Symposium works to create celebration of underrepresented Latinx voices

“There’s a real issue when people hear Gloria Anzaldúa, everybody quotes her but they don’t really know what her work is about. That’s what I wanted, for people to know more about Anzaldúa, since her work has become interdisciplinary” Gabriella Gutiérrez y Muhs said. “After she died young, people started appropriating her work and quoting her. Now we have a massive amount of Chicana and Latina theorists who are alive and not quoted who have done important work as well.”

Gutiérrez y Muhs, a professor of modern languages and woman and gender studies and Theilene Pigott McCone Chair organized the Mind and Body symposium. The symposium was a one day conference featuring Seattle University alumni, students, professors in conversation with internationally renowned poets, writers and academics.

The event primarily focused on addressing the “Other” within LGBTQ+, Latinx, and migrant communities. Additionally, the entire event was translated by two ASL interpreters.

Panelists spoke in many contexts throughout the course of the 12 hour event about the work of Gloria Anzaldúa, Xicanisma and other Chicano authors. Gutiérrez y Muhs specifically noted the dangers of tokenizing one voice when discussing the works of minority authors.

The first quarter of the event was devoted to educating the audience on who Anzaldúa was and what her book represents. Gutiérrez y Muhs shared that her goal is to quote women of color because she believes it isn’t done enough.

Gutiérrez y Muhs also called on the power of the university to unify as a community in a world where communities of color and impoverished communities are still marginalized.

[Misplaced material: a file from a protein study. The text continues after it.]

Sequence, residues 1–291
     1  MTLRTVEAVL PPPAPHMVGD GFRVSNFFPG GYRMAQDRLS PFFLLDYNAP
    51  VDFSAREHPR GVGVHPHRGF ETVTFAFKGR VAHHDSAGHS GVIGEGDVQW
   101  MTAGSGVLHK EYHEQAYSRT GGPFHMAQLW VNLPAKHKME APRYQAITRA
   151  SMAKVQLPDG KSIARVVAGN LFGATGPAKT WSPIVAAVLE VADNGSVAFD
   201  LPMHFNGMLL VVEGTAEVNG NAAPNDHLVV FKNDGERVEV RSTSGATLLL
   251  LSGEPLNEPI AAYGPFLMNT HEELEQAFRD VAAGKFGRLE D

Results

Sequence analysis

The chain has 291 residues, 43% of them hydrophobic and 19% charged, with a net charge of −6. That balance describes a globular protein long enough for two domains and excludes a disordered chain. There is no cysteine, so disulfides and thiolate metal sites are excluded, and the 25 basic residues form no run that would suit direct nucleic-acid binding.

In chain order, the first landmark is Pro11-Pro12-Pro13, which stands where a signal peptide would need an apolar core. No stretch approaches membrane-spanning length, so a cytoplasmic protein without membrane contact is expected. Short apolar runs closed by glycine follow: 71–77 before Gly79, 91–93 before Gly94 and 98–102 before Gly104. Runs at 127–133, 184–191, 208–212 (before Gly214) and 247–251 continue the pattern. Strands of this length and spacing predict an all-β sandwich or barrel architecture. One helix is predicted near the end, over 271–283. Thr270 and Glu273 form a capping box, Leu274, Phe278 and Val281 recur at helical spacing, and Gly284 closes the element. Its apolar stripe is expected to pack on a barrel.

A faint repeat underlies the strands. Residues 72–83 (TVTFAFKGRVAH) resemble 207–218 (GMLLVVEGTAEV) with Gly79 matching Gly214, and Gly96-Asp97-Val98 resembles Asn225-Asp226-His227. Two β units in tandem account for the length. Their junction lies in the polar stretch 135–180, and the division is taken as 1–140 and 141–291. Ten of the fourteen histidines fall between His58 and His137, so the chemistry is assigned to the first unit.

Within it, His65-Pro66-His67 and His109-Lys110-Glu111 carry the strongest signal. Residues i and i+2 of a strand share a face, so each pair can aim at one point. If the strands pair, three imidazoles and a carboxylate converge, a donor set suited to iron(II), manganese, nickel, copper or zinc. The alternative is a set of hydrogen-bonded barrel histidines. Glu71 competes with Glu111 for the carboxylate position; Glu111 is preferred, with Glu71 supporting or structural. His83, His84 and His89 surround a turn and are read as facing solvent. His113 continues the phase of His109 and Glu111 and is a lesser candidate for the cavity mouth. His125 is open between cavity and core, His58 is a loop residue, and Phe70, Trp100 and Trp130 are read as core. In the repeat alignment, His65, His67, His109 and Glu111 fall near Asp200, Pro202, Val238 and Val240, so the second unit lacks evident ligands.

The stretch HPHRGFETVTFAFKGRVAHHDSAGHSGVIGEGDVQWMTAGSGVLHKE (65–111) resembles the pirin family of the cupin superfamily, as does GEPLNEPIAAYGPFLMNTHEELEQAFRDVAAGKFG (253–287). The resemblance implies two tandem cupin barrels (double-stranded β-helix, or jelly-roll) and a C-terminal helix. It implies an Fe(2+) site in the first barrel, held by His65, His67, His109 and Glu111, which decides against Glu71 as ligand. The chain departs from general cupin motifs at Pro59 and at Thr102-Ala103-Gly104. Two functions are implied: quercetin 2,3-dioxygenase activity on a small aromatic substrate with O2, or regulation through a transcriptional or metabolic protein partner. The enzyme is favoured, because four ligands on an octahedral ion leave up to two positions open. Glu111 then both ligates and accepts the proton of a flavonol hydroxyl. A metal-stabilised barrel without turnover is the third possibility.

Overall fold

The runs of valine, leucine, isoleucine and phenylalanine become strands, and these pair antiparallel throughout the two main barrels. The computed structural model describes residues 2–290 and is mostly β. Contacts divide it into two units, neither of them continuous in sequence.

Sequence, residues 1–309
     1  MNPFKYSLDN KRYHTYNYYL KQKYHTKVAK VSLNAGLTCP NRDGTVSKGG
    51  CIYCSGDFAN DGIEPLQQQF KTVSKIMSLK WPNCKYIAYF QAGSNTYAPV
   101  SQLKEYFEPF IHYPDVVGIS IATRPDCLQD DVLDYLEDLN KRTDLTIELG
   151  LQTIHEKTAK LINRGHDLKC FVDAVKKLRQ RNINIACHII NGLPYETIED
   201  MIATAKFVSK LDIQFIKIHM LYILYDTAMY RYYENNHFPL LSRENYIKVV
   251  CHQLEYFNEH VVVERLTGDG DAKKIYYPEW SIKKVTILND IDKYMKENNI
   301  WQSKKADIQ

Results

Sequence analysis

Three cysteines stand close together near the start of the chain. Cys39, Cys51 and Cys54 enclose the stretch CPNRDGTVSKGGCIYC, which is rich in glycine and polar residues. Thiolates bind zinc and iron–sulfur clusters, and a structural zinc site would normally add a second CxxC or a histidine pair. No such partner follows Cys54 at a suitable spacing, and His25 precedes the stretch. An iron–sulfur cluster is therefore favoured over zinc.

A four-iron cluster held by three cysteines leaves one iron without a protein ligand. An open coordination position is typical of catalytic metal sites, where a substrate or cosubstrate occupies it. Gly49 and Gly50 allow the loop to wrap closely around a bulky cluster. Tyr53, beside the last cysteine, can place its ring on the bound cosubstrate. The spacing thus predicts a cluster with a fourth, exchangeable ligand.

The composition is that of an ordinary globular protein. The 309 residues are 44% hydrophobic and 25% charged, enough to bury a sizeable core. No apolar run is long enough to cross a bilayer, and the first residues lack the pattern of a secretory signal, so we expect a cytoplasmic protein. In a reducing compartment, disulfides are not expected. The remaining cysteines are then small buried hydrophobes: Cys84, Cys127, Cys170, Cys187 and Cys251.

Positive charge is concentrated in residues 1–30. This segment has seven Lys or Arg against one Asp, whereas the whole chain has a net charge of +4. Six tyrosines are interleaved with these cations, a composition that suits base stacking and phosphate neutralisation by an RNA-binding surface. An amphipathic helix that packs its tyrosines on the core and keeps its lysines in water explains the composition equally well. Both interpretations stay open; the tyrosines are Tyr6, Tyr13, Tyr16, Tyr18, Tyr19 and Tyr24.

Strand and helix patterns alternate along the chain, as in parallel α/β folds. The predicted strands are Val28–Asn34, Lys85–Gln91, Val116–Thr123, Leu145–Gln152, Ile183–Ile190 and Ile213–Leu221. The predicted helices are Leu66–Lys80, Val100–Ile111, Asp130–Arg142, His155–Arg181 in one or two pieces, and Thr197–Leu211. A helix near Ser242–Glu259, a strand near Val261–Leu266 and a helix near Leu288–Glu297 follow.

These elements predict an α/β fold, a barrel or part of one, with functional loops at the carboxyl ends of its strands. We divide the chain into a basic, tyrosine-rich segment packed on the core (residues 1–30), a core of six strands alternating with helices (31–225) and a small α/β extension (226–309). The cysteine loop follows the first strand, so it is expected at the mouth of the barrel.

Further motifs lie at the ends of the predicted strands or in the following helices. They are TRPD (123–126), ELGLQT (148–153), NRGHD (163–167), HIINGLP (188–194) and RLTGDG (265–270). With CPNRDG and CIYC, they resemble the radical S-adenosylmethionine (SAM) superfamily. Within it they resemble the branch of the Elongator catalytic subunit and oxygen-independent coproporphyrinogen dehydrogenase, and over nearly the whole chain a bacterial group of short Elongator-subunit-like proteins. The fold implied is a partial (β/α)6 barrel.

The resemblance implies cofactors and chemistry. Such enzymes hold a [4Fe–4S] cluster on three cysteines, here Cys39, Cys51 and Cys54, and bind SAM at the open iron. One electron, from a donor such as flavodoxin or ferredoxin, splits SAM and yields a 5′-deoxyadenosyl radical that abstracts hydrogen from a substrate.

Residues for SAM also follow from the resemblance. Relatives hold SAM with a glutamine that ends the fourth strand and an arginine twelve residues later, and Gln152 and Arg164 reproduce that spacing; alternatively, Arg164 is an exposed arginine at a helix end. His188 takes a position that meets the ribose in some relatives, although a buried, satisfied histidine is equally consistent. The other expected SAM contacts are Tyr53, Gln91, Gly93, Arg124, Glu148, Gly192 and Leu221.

“We need more than the choir to attend these events” Gutiérrez y Muhs said, calling for more recognition of Latinx scholarly and literary works. “We have all these jewels here, and they’re not valued. There’s a lot of danger with tokenism in that we’re excluding other people.”

Nalini Iyer, who teaches courses in Postcolonial Literatures as a professor of English, spoke to the context of the event and about the work of Gutiérrez y Muhs, as a widely known scholar and poet.

One panel showcased five alumni who had graduated within the last two decades years ago, as they spoke about what it was like to be a student at Seattle U.

These individuals came from immigrant backgrounds—one was a mother, another person was first-generation—and they talked about what was missing here, as well as what they found in classes and with other faculty of color.

“It was very much a panel about testimonies and people sharing their life experiences,” Iyer said.

Carmen McCoy, a senior political science major, is in Gutiérrez y Muhs’ women and gender studies senior seminar course. McCoy commented on how she felt throughout the event.

“Really they’re talking about going beyond Gloria Anzaldúa and her work. Though obviously amazing, they want to explore what Chicanas have done throughout the past couple years, and the ways that we’re theorizing and trying to create more inclusive spaces in Seattle and all around,.” McCoy said.

McCoy agreed with the alumni speakers who noted the elements of Seattle U that could change for the better, specifically regarding mentorships with upperclassmen.

“I think that it’s really hard sometimes in a smaller school to get outside of your class., I think underclassmen would really value having an upperclassman to kind of guide them through some things they might not fully understand. They spoke a lot about that, and I definitely agree with them. And, more representation of professors of color and faculty of color, and just beyond the identities we usually see in academia.”